The 2009/10 season at South Georgia Museum started last week with the arrival of Ainslie Wilson (General Manager) and Bridget Steed (Museum Assistant).
Welcome back to the South Georgia Museum Blog for another season. Returning to South Georgia now is like coming home and the anticipation of being back in a much loved environment was great. As to be expected, the journey down from the Falklands on Pharos SG was long and lumpy but they got us here in time for me to celebrate my birthday on the island. Having spent 3 months in northern Cyprus working on a marine turtle conservation and research project enjoying temperatures of over 40 degrees and wearing only a bikini, I am now having to come to grips with temperatures of 0 degrees and wearing thermals, down and insulated wellies!
Bridget and I were straight into work with the major undertaking of moving the mountain of incoming stock from KEP over to Grytviken. With the track round the cove still well covered in snow, it was a bit of a logistical nightmare but with willing boating crew from KEP we were able to use the jet boat to transport everything across the cove. The crew from Pharos SG provided the manpower pulling sledges laden with boxes from the Tijuca jetty to the museum. It was a fine effort form everyone involved and we were most grateful of the help.
Our first week has been spent bringing the museum back to life after its winter shutdown. It has survived the winter well with no snow damage or leaks found. Tommy from KEP technical services has been over to re-erect the chimney for the boiler but as usual the actual boiler is proving a little reluctant to do its job. Although we do have electric heaters, to stave off complete frost bite we are often dressed in woolly hats and layers of fleece jackets – and that’s inside!
Having faced a very fat rat in the middle of the night recently which bounced back to life after several severe beatings with a shovel, we are now back on our own crusade of rat eradication laying traps and bait stations around the cottage and museum.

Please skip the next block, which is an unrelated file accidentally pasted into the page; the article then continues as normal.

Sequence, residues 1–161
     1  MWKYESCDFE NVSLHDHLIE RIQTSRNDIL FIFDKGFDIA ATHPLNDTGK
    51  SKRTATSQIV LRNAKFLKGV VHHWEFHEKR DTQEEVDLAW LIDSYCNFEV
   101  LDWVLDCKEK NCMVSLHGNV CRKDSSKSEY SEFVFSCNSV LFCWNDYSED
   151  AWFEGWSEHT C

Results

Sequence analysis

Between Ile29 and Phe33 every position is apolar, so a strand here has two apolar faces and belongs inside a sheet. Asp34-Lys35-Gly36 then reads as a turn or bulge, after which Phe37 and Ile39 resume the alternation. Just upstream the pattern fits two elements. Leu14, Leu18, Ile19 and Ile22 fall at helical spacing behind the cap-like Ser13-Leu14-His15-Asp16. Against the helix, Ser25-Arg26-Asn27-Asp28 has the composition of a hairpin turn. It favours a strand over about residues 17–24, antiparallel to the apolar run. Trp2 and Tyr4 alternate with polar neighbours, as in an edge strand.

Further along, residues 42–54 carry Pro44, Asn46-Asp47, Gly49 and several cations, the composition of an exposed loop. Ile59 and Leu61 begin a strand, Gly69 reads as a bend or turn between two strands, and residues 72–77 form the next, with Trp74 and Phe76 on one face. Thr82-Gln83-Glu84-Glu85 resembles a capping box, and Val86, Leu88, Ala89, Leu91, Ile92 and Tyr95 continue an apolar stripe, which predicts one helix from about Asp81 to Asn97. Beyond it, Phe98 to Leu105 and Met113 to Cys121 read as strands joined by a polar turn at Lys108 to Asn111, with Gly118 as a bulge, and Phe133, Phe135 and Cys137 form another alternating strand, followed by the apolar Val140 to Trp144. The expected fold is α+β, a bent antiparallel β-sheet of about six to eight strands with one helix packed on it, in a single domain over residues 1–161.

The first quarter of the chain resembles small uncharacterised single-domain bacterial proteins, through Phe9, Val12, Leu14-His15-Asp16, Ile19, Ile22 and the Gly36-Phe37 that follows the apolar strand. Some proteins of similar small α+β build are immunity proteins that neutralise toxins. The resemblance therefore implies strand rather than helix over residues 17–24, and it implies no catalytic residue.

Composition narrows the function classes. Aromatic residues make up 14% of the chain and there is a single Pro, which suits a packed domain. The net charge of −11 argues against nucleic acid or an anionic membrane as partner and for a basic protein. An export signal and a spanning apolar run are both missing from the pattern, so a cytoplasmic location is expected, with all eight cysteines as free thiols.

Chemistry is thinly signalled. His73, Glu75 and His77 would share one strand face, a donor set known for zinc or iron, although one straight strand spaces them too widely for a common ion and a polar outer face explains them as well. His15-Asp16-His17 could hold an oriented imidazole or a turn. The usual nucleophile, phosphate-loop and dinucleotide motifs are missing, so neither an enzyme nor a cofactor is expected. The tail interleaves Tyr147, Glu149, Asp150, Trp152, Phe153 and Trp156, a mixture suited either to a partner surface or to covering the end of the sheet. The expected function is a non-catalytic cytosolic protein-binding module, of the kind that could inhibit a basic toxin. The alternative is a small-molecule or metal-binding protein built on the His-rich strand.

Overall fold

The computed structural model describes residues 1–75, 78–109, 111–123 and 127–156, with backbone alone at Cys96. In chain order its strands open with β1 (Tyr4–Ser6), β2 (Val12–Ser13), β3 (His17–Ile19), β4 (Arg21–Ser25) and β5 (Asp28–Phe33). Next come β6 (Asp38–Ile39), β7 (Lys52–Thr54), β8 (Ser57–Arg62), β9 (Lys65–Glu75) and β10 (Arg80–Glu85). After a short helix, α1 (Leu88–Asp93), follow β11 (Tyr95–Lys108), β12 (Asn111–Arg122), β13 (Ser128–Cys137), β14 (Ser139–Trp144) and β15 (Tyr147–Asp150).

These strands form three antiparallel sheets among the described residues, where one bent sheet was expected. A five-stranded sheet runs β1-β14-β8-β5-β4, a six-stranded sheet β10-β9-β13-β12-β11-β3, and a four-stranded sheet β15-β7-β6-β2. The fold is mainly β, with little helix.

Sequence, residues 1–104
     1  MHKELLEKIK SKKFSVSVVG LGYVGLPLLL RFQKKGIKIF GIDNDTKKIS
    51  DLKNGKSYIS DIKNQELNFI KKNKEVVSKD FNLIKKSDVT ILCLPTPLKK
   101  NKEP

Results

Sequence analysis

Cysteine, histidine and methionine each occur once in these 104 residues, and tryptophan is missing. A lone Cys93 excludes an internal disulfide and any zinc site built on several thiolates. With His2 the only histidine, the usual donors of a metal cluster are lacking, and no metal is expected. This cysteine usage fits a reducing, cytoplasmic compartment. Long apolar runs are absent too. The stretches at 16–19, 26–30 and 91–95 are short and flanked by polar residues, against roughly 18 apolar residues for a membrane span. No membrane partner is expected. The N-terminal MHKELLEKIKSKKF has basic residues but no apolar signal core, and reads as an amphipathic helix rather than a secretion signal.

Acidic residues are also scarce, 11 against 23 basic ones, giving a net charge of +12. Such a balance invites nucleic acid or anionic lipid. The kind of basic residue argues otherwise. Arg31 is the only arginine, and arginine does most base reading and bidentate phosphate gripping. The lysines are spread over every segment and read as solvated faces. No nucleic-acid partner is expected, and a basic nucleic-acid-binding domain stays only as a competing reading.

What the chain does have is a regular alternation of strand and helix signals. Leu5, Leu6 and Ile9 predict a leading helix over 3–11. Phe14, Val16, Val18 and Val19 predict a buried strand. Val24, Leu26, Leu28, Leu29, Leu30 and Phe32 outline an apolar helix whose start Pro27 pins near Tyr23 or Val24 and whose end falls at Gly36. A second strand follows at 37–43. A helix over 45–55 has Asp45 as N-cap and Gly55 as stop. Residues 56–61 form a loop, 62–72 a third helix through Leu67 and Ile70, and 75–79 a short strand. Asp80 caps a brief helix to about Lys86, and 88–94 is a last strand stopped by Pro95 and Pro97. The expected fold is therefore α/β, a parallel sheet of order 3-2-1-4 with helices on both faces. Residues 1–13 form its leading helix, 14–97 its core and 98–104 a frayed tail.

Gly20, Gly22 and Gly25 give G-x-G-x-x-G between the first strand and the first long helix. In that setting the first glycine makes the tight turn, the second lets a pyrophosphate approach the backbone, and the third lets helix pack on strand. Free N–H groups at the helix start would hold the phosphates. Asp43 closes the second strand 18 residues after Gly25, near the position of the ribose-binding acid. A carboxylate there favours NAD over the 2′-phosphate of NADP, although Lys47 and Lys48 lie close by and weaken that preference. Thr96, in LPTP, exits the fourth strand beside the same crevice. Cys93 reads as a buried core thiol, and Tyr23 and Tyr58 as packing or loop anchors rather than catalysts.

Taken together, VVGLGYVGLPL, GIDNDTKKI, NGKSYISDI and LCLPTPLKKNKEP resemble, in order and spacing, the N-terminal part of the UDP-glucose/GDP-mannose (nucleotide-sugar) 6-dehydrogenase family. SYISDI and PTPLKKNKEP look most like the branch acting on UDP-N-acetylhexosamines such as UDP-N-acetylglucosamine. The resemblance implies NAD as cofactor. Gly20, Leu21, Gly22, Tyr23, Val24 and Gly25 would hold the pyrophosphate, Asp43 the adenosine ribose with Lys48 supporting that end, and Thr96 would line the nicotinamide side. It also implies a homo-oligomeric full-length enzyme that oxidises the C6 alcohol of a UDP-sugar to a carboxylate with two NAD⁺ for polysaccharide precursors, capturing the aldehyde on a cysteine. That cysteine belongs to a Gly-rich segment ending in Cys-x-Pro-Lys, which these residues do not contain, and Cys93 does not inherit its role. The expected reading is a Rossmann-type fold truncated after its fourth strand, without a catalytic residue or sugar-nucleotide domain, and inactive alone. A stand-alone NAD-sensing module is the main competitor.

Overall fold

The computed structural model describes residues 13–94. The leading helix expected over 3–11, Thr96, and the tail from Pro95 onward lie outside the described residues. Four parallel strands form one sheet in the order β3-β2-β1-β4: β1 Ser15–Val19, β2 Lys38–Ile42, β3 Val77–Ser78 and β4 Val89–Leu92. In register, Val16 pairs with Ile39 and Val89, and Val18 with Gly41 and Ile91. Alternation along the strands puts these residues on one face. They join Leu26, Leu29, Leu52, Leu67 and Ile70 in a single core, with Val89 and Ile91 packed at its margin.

Now begins the exciting task of dealing with the new stock – opening boxes, counting and recording and finally displaying in the shop. We are looking forward to the arrival of Elsa and Steve early October and then the arrival of the first cruise ship.
From a very snowy southern island, until next month
Since I received a bursary to visit South Georgia from the Arts Trust for Scotland in March 2008 I have checked this blog regularly, keeping up to date with the museum and getting clues to what it might be like living on an Antarctic Island. I am still finding it hard to believe that I am now here at King Edward Cove, working in Grytviken as the new museum assistant and adding my own update to the blog at the end of my first week.
As an artist I became interested in South Georgia through a project researching the history of an Edinburgh property, which was once the home of Ted Salvesen, who managed the Christian Salvesen and Co whaling company operating out of Leith, Edinburgh. Through my work and research I found out about Leith Harbour, South Georgia and my fascination with the Island and its whaling history grew from here. Over the last year my artwork has been inspired by the histories and images of this Antarctic Isle and I still cannot believe that for the next four and a half months I can call this amazing place home and experience life here firsthand.
After a long and epic journey, by plane from Brize Norton to the Falkland Islands, then with six rough and stormy days on the Fisheries Patrol Vessel ‘Pharos’ I arrived at King Edward Cove on Monday 7th of September to bright sunshine and blue skies over a snow covered landscape. The beauty of the island is more breathtaking than I could ever have imagined and each day just seems to get better and better. Everyday more wildlife arrives and as the snow melts traces of the landscape and the whaling station are slowly starting to appear.
My first week has been brilliant and I am settling into life here and enjoying every minute. Everyone has been so welcoming and I just know that come January I won’t want to leave. Ainslie and I have been busy opening up (and warming up!) the museum and transporting our new shop stock over the cove and through the snow by boat and sledge – luckily we had good weather and some game volunteers from the ‘Pharos’ to help. I have also had some time to get out and explore a little bit of the area with my first uphill skiing on Monday. The steep and exhausting climb up to the repeater was definitely worth it for the spectacular views from the top and the perfect conditions for the ski back down.
I didn’t know what to expect when I arrived here and so far it has been better than I ever could have imagined. The scenery, history and day to day life are all inspiring me to get started on some new research, artworks and drawings and I know that that the next four months are going to be a very productive and exciting time and an amazing experience.